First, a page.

FREMONT - Knowing Jeffrey Zenowicz will spend the rest of his life in prison was not enough for the families of murder victims Claudia Fonseca and Leslie Slone.
"He has no right to see his kids because he took away my brother's right to see his kids," Stacy Slone said yesterday after Sandusky County Common Pleas Judge Harry Sargeant, Jr., imposed a life sentence without the possibility of parole for Zenowicz, 35, of Marblehead.
A three-judge panel deliberated more than 4 1/2 hours before announcing it would not impose the death sentence.
"If the shoe had been on the judge's foot, you know the outcome would have been different," said Rita Slone, mother of Leslie Slone, 30, whose throat was slashed by Zenowicz on July 3, 2004.
Cathy Fonseca said she had mixed emotions about the death penalty but felt the life sentence did not compensate for the loss of her sister. Zenowicz drowned Claudia Fonseca, 40, in the bathtub of her Fremont home hours after killing Mr. Slone.
"I believe an eye for an eye, and I don't think we got it," Cathy Fonseca said afterward. "I know we're all very disappointed right now."
Judge Sargeant, Sandusky County Common Pleas Judge James Sherck, and retired 6th District Court of Appeals Judge Richard Knepper considered testimony from two clinical psychologists, Zenowicz's former mother-in-law, and a former co-worker before imposing the life sentence.
Stacy Slone and Cathy Fonseca read victim impact statements to the panel. As Cathy Fonseca read a "letter from heaven" in her sister's memory, Zenowicz began crying.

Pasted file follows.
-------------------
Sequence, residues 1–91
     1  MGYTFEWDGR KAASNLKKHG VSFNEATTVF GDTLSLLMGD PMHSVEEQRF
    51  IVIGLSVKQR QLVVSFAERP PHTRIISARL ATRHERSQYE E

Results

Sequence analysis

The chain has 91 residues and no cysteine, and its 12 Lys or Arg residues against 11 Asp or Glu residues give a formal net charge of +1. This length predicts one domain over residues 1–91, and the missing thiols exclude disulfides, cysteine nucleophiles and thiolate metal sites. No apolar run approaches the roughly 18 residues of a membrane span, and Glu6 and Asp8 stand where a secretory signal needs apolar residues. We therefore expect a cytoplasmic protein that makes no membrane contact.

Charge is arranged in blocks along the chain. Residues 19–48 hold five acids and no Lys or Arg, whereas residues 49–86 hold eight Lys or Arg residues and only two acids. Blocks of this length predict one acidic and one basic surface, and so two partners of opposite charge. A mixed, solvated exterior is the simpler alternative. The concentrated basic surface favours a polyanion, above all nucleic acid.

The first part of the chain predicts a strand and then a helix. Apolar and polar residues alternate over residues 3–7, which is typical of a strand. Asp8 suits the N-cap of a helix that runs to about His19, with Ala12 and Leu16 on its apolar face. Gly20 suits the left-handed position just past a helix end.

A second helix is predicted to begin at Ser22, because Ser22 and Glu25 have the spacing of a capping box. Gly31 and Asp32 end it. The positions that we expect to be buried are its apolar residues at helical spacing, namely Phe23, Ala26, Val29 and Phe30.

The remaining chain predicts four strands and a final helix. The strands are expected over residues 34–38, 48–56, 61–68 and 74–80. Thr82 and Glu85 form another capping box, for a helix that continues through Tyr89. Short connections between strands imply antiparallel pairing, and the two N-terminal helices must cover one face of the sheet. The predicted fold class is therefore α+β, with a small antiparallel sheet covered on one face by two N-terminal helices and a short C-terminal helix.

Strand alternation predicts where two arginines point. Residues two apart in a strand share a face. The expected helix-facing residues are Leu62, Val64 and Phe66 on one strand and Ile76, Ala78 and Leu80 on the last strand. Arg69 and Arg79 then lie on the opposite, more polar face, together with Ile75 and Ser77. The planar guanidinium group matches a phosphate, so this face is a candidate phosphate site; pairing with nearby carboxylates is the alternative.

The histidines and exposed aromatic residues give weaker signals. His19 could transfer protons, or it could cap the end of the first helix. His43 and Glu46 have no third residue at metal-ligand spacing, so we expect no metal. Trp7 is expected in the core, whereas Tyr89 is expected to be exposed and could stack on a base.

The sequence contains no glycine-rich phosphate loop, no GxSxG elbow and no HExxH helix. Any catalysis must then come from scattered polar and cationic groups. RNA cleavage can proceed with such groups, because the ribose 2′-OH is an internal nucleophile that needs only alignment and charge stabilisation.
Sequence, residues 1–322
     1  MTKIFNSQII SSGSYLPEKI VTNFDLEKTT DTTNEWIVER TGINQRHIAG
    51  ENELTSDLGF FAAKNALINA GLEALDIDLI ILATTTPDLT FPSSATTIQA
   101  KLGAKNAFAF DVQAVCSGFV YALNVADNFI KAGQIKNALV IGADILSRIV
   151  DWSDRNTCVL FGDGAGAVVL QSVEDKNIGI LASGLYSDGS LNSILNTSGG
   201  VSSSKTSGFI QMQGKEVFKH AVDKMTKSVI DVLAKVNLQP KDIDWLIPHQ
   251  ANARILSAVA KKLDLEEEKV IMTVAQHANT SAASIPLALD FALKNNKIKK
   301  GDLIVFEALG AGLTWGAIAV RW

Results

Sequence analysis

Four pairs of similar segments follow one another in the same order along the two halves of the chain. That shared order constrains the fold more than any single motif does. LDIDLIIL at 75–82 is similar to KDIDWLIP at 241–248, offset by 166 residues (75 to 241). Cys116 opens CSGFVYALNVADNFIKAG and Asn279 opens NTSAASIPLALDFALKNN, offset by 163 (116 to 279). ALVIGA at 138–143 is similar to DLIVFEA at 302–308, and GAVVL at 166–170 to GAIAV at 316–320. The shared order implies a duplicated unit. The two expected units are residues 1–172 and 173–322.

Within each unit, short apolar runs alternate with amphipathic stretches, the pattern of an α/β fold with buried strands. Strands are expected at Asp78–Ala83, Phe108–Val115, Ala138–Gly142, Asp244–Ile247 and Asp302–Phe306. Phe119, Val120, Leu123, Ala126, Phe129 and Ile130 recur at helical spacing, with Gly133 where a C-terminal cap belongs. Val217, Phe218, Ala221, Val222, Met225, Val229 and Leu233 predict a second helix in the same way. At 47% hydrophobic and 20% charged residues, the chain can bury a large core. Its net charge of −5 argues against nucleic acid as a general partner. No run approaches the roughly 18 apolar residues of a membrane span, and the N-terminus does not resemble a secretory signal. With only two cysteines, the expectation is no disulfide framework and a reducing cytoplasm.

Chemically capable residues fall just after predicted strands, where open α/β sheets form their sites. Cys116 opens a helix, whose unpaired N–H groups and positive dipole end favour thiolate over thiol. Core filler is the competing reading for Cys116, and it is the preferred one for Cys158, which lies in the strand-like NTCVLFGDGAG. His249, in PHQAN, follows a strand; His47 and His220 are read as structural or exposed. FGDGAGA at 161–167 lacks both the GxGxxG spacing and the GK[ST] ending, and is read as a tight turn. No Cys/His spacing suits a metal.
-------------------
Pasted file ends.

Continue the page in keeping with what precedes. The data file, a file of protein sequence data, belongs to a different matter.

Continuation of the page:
He was convicted in March on four counts of aggravated murder, two counts of murder, and one count each of aggravated burglary, tampering with evidence, and attempted aggravated arson during a trial before the three-judge panel in March. While he did not take the stand in his defense and declined to make a statement before sentencing, Zenowicz confessed to killing Ms. Fonseca, his former girlfriend, and her friend Mr. Slone during a five-hour videotaped interview with detectives on July 5, 2004.
Sandusky County Prosecutor Tom Stierwalt argued yesterday that the confession was not evidence of remorse. Zenowicz, he said, neither apologized for his acts nor took responsibility, instead placing blame for problems with his relationship with Ms. Fonseca on her father.
The judges did not seem to agree. In a written opinion, they said they gave great weight to Zenowicz's "emotional confession to his crimes," which was evidence that he had accepted responsibility for the murders. They also considered the psychologists' testimony about his neuropsychological problems and the fact that he had custody of his two sons since his divorce "and was financially supporting them as well."
Defense attorneys Adrian Cimerman and Jeff Helmick, who worked to spare Zenowicz's life, were not declaring victory. "It's sad for everybody," Mr. Cimerman said. "There are no winners."
Mr. Helmick concurred. "Two people are dead. He'll spend the rest of his life in prison, and his boys will grow up without their father," he said. "This is no cause for celebration - just relief and gratitude that the death penalty was not imposed."
In addition to two life sentences with no possibility of parole, Zenowicz was sentenced to 20 additional years for attempted aggravated arson, aggravated burglary, and tampering with evidence. The two counts of murder were dismissed.
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